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우간다, 르완다 국적 비호신청자 1,700명 강제 송환해

국제앰네스티는 우간다 내 2개 난민수용소에 거주하던 1,700명의 르완다 국적 비호신청자들이 우간다 정부와 르완다 정부의 공동 주도 하에 강제 송환된 것을 비난했다.지난 14일, 보안경찰은 우간다 남부에 있는 나키발레(Nakivale)와 키야카 II (Kyaka II) 난민수용소에서 대규모 강제 송환 작전을 펼치면서 비호신청자들을 모아 트럭에 강제로 태웠다.

몇몇 비호신청자들이 탈출을 시도할 때마다 보안경찰은 하늘을 향해 발포했다. 이러한 혼란 속에서 다수가 부상을 입고 많은 아동이 부모와 떨어지게 됐다.

비호신청자들은 르완다 비움바 주의 루코모(Rukomo) 환승 센터로 이송됐다.

국제앰네스티 어윈 반 데르 보르그트(Erwin van der Borght) 아프리카 국장은 “거부된 비호신청자들의 강제 송환 조치는 우간다가 국제난민법 및 인권법 상 갖고 있는 의무에 따라 이루어져야 한다”며 “이는 공평하고 효과적인 비호 절차를 포함한다”고 말했다.

이어서 그는 “당국의 행위와 비호신청자를 소집할 때 보였던 충격적인 태도를 미루어봤을 때, 확실한 보호 신청이 됐던 이들도 송환됐을지 모른다는 우려가 제기되고 있다”고 말했다.

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Uganda forcibly returns 1,700 Rwandan asylum-seekers

16 July 2010

Amnesty International has condemned the forced return of around 1,700 Rwandan asylum-seekers from two refugee settlements in Uganda in a joint operation between the governments of Uganda and Rwanda this week.

On Wednesday, armed police officers rounded up the asylum-seekers and forced them on to waiting trucks during two major operations at the Nakivale and Kyaka II refugee settlements in southwestern Uganda.

When some asylum-seekers tried to escape, police officers fired shots into the air. In the ensuing panic and stampede people were reportedly injured and children were separated from their parents.

The asylum-seekers were then driven into Rwanda and taken to Rukomo transit center in Byumba province.

“Any forced removal of rejected asylum-seekers must be carried out in accordance with Uganda’s obligations under international refugee and human rights law, including access to a fair and efficient asylum procedure,” said Erwin van der Borght, Director of Amnesty International’s Africa Programme.

“The conduct of the authorities and the disturbing manner in which these individuals were rounded up raises serious concern that people with genuine protection claims were returned.”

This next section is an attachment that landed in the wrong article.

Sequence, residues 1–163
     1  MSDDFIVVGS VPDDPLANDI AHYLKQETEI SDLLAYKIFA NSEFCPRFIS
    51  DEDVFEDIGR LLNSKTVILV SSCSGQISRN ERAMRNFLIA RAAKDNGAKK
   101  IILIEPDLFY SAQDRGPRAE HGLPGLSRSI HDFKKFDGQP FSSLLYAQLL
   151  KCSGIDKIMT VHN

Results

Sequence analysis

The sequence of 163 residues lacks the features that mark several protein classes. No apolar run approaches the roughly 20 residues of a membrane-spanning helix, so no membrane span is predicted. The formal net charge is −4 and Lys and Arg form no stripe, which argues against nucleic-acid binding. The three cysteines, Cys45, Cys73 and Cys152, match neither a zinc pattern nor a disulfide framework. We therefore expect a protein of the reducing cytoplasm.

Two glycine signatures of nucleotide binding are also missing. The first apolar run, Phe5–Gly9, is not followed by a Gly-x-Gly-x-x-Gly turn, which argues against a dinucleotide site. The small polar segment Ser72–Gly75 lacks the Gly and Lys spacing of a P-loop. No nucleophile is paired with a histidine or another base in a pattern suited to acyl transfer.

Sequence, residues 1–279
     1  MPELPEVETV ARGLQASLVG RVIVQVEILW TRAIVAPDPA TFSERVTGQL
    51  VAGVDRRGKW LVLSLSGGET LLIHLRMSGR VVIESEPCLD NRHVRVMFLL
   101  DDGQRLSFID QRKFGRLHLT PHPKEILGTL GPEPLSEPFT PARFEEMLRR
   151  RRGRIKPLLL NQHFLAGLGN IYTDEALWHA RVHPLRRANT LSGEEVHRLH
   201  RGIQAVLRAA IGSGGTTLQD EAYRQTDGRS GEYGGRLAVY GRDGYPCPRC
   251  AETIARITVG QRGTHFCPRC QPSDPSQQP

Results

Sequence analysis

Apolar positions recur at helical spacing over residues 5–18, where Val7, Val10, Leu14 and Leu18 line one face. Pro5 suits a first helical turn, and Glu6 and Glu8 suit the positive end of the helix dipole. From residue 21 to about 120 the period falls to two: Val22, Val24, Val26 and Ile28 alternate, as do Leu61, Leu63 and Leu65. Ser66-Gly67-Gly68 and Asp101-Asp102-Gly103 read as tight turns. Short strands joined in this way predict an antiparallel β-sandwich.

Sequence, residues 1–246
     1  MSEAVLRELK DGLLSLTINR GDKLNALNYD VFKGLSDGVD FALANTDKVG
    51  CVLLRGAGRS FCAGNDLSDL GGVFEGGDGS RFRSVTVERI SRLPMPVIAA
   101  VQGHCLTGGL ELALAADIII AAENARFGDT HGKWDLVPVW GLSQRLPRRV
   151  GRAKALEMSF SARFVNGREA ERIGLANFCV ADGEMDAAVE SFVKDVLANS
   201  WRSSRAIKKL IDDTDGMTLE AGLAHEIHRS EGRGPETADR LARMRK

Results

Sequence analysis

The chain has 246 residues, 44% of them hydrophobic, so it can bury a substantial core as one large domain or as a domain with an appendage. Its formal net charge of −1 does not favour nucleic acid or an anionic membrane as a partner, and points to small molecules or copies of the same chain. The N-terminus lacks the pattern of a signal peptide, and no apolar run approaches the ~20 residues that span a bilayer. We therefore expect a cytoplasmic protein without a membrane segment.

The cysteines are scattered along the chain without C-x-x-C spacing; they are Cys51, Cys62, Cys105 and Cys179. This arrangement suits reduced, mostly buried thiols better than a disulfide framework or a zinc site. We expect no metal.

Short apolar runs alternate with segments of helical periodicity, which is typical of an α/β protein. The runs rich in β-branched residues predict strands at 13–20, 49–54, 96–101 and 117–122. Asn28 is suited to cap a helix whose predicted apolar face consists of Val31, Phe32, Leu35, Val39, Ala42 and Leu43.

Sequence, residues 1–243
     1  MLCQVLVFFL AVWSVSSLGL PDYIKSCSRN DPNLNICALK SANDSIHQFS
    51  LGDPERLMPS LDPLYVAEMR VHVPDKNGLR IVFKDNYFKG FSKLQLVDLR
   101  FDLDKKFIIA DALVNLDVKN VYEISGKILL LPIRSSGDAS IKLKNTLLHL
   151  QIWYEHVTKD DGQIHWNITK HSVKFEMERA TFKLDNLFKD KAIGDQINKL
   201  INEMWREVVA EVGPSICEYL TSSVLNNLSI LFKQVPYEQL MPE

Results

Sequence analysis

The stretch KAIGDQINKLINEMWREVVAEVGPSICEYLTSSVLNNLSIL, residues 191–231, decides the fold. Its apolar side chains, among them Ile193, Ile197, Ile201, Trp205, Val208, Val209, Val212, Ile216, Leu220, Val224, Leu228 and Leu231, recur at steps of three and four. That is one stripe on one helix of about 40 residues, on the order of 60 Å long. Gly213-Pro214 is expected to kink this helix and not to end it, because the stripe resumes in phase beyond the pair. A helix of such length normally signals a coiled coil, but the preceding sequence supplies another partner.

Reports indicate that a number of recognized refugees may have been placed on the trucks and returned to Rwanda. The Office of the Prime Minister, however, has stated that the forced returns targeted rejected asylum-seekers who had exhausted the asylum procedure.

The United Nations High Commissioner for Refugees (UNHCR) reported that 25 people who were not among the deported were injured, some from police beatings. Among the injured were six pregnant women who were treated at a local hospital and then released. UNHCR also stated that the operations resulted in the deaths of two men who jumped off trucks en route to Rwanda.

Amnesty International questions whether the correct refugee status determination (RSD) procedure was applied in these cases by the Ugandan authorities. The two groups of Rwandans – both recent arrivals to Uganda – were subjected to an ad hoc procedure whereby authorities sent mobile RSD units to conduct decisions in the camps, without appropriate procedural safeguards.

Despite provisions under national legislation, the UNHCR was not provided with access to the refugee status determination procedures of these two groups.

“The flawed decision making process for these cases raises concerns that those returned have not been granted effective access to a fair and efficient asylum procedure,” said Erwin van der Borght.

According to the UNHCR, since the beginning of 2010, 3,320 Rwandans have filed for asylum in Uganda. Ninety-eight per cent were rejected in the past six months.

UNHCR’s Executive Committee (ExCom), a body of 79 member states who advise on international protection issues and which includes Uganda, has stated clearly that the “return of persons found not to be in need of international protection should be undertaken in a humane manner, in full respect for human rights and dignity and, that force, should it be necessary, be proportional and undertaken in a manner consistent with human rights law…”

 


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